The eastern side, part of the Kantō Plain, can be further divided into nine separate expanses of hills and ten plateaus. The former occupy small areas neighboring the Kantō Mount Range, including the Hiki Hills and Sayama Hills. The latter are mainly surrounded by alluvial flood plains. In the southeastern portion of the prefecture, the Ōmiya Plateau stands in a southeastward direction, sandwiched by the Furutone River to the east and the Arakawa River to the west.

The western side of the prefecture belongs to the Kantō Mountain Range with Chichibu Basin located in its center. The area to the west of the basin features high peaks such as Mount Sanpō (2,483 m) and Mount Kōbushi (2,475 m), in which the Arakawa River has its source. Most of the land is contained in Chichibu Tama Kai National Park. The area to east of the basin consists of relatively low mountains.

The most often used subdivision of the region is dividing it to "North Kantō" (北関東 Kita-Kantō), consisting of Ibaraki, Tochigi, and Gunma Prefectures, and "South Kantō" (南関東 Minami-Kantō), consisting of Saitama (sometimes classified North),[citation needed][by whom?] Chiba, the Tokyo Metropolis (sometimes singulated),[citation needed] and Kanagawa Prefectures.[citation needed] South Kantō is often regarded as synonymous with the Greater Tokyo Area. As part of Japan's attempts to predict earthquakes, an area roughly corresponding to South Kantō has been designated an 'Area of Intensified Observation' by the Coordinating Committee for Earthquake Prediction.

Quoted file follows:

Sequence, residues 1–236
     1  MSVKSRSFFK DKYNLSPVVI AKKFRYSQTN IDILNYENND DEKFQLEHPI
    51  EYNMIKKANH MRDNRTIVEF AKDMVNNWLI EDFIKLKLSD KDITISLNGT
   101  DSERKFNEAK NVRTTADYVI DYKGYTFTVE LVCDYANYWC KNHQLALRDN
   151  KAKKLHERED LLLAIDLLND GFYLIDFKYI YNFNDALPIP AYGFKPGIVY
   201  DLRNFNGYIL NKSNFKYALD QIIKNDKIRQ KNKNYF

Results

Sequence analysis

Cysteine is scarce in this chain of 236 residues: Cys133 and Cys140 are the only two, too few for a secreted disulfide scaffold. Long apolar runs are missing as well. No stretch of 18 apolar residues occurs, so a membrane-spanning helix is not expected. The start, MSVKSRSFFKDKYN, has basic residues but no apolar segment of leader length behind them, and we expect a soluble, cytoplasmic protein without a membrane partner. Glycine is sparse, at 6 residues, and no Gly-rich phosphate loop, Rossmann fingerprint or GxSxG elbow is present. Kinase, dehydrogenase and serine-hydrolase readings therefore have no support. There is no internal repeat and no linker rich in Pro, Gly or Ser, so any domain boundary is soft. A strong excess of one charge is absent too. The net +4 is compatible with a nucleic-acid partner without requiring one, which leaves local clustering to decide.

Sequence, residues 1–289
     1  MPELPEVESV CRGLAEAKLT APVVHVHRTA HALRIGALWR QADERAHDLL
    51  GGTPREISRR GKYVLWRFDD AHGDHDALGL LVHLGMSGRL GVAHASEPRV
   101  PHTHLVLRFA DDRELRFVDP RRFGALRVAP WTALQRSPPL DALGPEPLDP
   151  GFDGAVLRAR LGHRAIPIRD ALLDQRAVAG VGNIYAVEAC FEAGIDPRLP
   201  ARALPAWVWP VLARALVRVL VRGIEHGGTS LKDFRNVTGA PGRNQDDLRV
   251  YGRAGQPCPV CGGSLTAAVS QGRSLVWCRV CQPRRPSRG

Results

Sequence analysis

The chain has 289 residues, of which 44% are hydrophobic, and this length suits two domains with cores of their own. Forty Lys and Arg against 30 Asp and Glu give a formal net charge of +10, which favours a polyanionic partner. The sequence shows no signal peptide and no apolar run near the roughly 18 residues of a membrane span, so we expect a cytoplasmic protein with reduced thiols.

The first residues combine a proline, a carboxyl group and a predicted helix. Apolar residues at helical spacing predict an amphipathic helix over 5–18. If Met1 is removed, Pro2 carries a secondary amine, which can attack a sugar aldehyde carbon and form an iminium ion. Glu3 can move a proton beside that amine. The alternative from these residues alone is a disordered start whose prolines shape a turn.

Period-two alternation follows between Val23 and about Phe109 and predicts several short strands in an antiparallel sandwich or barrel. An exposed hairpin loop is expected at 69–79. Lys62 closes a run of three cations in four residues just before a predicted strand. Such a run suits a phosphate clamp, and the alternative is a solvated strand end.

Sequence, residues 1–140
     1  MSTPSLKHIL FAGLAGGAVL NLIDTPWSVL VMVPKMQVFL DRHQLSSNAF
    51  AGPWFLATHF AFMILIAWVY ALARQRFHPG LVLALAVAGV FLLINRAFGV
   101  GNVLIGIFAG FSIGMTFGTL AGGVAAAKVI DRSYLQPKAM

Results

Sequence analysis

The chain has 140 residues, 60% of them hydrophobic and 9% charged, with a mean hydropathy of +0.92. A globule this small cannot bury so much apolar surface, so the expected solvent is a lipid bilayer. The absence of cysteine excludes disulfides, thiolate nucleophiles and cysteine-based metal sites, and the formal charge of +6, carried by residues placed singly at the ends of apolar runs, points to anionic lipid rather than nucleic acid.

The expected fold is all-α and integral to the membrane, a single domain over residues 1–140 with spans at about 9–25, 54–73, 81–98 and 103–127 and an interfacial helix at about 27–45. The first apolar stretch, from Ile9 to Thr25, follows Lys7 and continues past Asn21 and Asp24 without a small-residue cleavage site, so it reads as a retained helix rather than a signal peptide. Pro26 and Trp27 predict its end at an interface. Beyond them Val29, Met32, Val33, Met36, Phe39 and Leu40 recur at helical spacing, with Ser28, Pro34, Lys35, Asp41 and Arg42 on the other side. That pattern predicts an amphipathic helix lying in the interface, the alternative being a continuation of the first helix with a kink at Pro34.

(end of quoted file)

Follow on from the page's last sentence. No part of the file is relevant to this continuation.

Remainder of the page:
The Japanese House of Representatives' divides it into the North Kantō (北関東 Kita-Kantō) electorate which consists of Ibaraki, Tochigi, Gunma and Saitama Prefectures, Tokyo electorate, and the South Kantō (南関東 Minami-Kantō) electorate which consists of Chiba, Kanagawa and Yamanashi Prefectures. (Note that Yamanashi is out of Kantō region in the orthodox definition.)

Keirin's South Kantō (南関東 Minami-Kantō) consists of Chiba, Kanagawa and Shizuoka Prefectures.